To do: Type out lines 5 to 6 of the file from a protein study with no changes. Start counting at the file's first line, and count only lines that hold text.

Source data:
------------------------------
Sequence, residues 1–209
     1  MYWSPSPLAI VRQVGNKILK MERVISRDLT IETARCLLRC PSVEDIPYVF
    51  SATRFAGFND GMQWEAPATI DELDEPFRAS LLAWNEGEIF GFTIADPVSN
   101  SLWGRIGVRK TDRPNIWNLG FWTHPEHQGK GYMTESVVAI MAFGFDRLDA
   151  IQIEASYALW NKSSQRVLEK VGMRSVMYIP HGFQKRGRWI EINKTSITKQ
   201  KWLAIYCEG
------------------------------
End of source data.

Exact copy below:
   151  IQIEASYALW NKSSQRVLEK VGMRSVMYIP HGFQKRGRWI EINKTSITKQ
   201  KWLAIYCEG